Accessibility index to public facilities for prioritisation of community access road development

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Stellenbosch : Stellenbosch University
ENGLISH ABSTRACT: A number of studies have acknowledged the positive impacts that rural roads have on the social and economic development of a region. This impact is due to the increased accessibility offered by road development. The effect of the social impact, however, has proven to be difficult to quantify, with many studies opting to use ratings to define this impact. The need to quantify the social impact arises from the need to aid decision-making processes, which seek to identify or prioritise the most cost effective projects. This is more often the case in rural communities where a typical economic prioritisation method, such as a cost-benefit analysis, will likely yield unfavourable results because of the low traffic volumes present on these roads. The method proposed for prioritisation in this research introduces an accessibility index that takes into account the accessibility provided by the road infrastructure, and by transportation modes, and by public facilities such as public schools and clinics. The data required to formulate and validate the model was collected in three villages located in the Limpopo Province of South Africa. The accessibility provided by the road infrastructure is quantified as the percentage of the length of the road link that conforms to road classification standards. The standards relate to travel speed for motorised transport and cross sectional dimensions for non-motorised transport. The probabilities of a preference to use a facility or transport mode are used as accessibility indices for the facilities and the transport modes. The probabilities are a result of stated preference experiments, which take into account the different quality attributes of public facilities, and characteristics of the transport mode. The final weighted accessibility index is obtained by considering the number of users in each observed facility in South Africa and the budget allocated to it. This enables the accessibility index to be converted further into a monetary value that is compared with the cost of successfully completing the project and the figures that arise from alternative projects. The facilities investigated were selected with the guidance of the National Development Plan (NDP) and included public schools and public healthcare facilities. The exercise resulted in accessibility indices that were used successfully to rank seven hypothetical projects from two of the identified villages. The research showed that, for low-volume roads, non-motorised transport modes are just as important as motorised transport modes. Other key findings were made which illustrated significant variables that influence preference for transport modes, school attendance and clinic visitation.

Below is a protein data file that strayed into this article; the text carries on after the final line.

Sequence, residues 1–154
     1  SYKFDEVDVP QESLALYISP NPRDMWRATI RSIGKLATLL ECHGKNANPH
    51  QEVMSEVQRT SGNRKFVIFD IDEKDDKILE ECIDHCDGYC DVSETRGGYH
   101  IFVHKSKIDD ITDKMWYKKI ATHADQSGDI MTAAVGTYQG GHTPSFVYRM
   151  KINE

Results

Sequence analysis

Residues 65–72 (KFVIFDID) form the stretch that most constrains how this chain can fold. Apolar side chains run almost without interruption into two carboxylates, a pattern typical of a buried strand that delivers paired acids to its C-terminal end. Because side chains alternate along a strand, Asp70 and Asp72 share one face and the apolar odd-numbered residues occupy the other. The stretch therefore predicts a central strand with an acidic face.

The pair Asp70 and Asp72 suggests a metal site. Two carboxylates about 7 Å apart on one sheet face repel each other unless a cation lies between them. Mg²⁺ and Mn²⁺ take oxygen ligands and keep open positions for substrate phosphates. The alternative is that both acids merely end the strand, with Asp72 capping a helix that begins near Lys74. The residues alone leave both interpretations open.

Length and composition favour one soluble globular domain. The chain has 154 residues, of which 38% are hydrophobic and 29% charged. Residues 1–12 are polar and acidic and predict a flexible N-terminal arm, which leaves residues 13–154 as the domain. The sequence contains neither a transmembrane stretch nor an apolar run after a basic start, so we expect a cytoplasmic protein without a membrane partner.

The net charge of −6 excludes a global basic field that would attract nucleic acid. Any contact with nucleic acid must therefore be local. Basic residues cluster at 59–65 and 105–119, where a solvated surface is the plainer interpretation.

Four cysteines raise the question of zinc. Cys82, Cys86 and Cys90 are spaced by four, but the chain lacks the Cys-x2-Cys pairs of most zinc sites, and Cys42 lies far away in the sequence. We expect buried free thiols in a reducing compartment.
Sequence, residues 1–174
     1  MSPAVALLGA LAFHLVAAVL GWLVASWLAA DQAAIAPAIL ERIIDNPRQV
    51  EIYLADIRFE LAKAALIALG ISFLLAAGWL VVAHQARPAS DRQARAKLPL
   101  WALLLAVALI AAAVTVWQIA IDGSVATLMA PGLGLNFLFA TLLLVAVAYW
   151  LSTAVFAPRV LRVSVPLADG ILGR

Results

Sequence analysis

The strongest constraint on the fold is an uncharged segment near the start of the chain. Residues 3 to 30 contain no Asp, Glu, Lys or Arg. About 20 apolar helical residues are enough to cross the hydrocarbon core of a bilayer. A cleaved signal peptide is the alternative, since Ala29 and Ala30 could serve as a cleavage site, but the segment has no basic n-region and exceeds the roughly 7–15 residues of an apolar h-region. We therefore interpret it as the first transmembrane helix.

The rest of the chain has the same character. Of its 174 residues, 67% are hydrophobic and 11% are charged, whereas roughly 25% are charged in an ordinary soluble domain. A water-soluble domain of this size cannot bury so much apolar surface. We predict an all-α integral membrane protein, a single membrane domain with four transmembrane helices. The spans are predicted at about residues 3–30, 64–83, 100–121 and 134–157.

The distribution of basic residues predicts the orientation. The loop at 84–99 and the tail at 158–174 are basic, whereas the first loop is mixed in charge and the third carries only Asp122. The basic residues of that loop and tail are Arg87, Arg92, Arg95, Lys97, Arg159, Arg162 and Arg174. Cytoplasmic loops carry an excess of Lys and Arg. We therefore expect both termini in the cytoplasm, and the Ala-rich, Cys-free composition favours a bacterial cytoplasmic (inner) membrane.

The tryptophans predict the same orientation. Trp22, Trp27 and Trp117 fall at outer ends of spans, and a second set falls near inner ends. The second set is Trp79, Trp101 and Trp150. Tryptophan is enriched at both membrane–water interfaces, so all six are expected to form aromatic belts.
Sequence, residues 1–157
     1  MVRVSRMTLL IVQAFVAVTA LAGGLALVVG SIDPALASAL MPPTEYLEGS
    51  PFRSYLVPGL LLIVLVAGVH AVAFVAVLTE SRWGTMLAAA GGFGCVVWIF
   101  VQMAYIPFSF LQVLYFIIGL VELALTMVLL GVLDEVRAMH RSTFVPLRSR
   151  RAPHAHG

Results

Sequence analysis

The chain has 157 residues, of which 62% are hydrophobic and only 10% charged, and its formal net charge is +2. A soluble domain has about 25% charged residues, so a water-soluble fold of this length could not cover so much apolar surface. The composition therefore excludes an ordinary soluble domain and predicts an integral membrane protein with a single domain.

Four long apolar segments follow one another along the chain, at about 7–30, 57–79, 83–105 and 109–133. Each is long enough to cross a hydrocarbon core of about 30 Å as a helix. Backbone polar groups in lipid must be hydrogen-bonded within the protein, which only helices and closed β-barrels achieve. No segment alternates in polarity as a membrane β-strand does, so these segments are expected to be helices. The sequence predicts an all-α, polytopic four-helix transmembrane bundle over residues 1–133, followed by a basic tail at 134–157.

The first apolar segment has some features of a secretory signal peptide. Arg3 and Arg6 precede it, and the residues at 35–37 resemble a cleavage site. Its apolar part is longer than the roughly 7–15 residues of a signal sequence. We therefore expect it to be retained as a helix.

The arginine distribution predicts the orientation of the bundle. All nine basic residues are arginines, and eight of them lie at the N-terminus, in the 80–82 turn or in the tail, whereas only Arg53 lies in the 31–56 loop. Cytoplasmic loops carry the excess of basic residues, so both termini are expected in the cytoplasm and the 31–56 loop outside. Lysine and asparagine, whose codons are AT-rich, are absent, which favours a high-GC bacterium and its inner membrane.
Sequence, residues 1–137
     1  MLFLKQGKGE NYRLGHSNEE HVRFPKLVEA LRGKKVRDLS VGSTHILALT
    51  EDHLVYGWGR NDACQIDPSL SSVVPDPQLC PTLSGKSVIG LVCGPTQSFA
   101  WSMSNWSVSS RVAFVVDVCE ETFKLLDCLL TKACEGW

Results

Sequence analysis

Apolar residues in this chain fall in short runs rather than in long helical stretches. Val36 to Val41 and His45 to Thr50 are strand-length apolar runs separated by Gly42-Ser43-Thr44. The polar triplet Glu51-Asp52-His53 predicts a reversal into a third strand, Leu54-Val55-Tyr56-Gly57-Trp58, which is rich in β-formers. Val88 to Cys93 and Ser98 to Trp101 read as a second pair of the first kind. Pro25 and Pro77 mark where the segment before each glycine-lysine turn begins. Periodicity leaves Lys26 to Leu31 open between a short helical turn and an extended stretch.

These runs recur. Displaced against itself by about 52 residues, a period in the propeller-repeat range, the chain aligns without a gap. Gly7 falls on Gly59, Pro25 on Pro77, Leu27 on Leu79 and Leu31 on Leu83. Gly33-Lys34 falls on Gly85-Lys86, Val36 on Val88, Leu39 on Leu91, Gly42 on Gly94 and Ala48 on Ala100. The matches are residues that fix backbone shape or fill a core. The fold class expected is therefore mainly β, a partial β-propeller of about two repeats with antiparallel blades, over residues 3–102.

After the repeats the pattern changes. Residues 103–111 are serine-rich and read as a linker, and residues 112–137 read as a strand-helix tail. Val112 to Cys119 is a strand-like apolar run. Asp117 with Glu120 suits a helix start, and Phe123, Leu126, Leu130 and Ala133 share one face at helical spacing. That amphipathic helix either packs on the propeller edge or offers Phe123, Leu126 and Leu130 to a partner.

AFRIKAANSE OPSOMMING: Geen opsomming beskikbaar
Thesis (MEng)--Stellenbosch University, 2017.
Sustainable development, Cost effectiveness, Rural roads, Public health services, UCTD